Colorado will not follow the IRS’ 100% Business Meal Deductions
Beginning in 2022, Colorado has decided not to follow the IRS’s business meal deductions. Under the CARES Act, the IRS made a temporary increase in deductibility of meal expenses from 50% to 100%. Colorado has said that any amount of meal expenses over 50% of the total expense must be added back to Colorado taxable income.
Colorado will cap Qualified Tuition Plan Contributions
For tax years beginning in 2022, the deduction for contributions to Colorado IRC Sec. 529 qualified tuition plans, previously unlimited, has been capped at $20,000 per year, per beneficiary for single taxpayers, and $30,000 for joint returns.
Beginning in 2023, the allowable deduction will be adjusted annually based on the average change in the cost of attendance. An annual reporting requirement from the state’s IRC Sec. 529 plan administrator to the Colorado Department of Revenue shall include contribution and distribution data for each account holder who is a Colorado taxpayer.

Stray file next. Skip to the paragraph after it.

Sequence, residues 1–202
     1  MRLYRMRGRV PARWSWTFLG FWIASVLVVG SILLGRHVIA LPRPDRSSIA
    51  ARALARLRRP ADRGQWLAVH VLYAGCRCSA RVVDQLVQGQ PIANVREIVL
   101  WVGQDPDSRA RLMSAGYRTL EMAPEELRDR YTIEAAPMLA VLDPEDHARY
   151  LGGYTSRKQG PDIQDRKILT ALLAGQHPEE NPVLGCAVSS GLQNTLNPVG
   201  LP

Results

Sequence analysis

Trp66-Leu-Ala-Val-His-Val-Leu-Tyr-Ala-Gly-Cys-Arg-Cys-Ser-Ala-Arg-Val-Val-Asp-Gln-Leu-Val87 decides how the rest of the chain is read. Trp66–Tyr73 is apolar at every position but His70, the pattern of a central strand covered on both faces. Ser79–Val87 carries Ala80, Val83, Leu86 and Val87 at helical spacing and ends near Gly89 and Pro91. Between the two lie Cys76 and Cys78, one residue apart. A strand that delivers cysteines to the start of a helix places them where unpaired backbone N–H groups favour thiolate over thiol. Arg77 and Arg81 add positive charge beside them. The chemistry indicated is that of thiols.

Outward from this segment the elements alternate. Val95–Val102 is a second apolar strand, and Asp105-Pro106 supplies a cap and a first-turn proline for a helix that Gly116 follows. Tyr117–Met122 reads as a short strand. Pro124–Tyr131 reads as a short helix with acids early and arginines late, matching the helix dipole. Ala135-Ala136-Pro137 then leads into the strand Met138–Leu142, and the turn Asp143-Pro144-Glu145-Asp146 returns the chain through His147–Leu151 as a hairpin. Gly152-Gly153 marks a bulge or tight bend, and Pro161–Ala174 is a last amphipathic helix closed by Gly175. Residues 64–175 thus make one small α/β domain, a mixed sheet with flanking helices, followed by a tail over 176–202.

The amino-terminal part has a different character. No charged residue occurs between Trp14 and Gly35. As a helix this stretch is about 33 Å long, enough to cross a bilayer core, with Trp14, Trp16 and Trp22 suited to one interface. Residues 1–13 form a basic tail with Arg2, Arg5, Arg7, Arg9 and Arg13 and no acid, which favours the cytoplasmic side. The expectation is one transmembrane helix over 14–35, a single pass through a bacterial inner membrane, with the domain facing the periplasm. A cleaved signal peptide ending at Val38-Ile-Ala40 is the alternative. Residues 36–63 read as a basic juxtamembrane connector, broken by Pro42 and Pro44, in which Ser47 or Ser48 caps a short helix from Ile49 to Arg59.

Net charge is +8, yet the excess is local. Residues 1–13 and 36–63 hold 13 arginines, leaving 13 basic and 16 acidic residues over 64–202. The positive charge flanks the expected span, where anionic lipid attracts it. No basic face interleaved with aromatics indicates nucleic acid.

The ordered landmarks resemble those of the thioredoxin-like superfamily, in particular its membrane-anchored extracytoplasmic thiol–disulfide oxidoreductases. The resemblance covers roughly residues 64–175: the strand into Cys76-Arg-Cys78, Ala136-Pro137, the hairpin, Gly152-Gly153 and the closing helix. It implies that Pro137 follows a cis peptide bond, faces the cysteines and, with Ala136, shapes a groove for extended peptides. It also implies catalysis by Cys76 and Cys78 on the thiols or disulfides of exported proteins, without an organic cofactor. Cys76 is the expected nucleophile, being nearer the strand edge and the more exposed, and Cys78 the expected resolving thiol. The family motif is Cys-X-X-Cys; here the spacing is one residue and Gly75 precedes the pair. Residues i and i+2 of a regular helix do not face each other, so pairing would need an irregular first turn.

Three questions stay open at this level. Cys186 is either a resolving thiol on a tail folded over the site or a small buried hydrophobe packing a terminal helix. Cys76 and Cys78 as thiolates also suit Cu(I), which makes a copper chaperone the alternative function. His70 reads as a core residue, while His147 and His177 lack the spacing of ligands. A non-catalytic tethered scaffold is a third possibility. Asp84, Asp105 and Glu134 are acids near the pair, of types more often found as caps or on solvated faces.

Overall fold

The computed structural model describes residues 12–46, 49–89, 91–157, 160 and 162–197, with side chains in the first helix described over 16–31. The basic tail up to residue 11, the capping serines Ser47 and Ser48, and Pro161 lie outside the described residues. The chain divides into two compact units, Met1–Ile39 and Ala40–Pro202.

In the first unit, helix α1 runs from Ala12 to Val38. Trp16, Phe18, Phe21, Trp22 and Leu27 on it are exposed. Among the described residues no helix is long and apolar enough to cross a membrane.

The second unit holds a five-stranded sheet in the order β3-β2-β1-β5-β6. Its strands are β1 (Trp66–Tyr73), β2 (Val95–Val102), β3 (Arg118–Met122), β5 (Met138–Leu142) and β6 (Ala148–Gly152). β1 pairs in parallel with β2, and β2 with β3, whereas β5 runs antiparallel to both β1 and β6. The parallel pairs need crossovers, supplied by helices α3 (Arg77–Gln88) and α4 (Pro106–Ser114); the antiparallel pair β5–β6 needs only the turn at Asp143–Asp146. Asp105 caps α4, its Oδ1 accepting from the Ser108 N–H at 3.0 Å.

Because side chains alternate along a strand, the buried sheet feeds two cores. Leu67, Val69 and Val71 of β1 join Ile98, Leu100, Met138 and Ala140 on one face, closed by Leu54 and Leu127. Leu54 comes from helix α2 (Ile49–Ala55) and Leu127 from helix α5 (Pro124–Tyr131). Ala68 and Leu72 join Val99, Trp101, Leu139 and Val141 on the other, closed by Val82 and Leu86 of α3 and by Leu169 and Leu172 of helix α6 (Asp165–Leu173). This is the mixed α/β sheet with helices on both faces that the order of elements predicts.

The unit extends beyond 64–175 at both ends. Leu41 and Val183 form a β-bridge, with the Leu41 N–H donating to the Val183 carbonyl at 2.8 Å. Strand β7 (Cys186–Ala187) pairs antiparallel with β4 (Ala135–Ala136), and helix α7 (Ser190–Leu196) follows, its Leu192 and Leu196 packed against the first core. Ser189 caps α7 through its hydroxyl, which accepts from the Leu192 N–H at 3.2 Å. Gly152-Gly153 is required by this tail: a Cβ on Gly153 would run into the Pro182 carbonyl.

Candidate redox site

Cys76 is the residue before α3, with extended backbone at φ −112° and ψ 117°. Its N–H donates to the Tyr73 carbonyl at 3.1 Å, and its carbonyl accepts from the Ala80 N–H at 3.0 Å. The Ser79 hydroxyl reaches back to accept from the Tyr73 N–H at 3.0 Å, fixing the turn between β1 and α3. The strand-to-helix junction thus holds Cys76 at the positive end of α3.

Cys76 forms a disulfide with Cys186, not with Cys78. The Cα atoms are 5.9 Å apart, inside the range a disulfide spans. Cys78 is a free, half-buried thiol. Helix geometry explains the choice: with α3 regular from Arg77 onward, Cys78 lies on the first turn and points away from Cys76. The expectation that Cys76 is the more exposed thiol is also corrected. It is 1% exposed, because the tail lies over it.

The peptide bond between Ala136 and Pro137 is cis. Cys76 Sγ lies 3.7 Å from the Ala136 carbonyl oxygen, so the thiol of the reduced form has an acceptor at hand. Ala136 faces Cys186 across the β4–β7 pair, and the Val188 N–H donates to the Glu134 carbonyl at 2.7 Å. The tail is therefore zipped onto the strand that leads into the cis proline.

The individual income tax return already requires that beneficiary social security numbers be reported to claim a subtraction for contributions to 529 accounts. While convenient for the Department for audit purposes, the automatic reporting of account information to a government agency may prompt privacy concerns. The state appears to be preparing to pursue a similar disclosure effort on education savings accounts.